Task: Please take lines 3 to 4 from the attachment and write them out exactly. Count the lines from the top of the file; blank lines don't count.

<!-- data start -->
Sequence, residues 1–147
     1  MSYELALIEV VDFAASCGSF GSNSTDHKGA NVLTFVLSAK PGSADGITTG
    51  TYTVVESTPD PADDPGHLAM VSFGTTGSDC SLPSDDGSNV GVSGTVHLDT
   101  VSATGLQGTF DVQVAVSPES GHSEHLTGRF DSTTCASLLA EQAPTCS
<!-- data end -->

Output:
    51  TYTVVESTPD PADDPGHLAM VSFGTTGSDC SLPSDDGSNV GVSGTVHLDT
   101  VSATGLQGTF DVQVAVSPES GHSEHLTGRF DSTTCASLLA EQAPTCS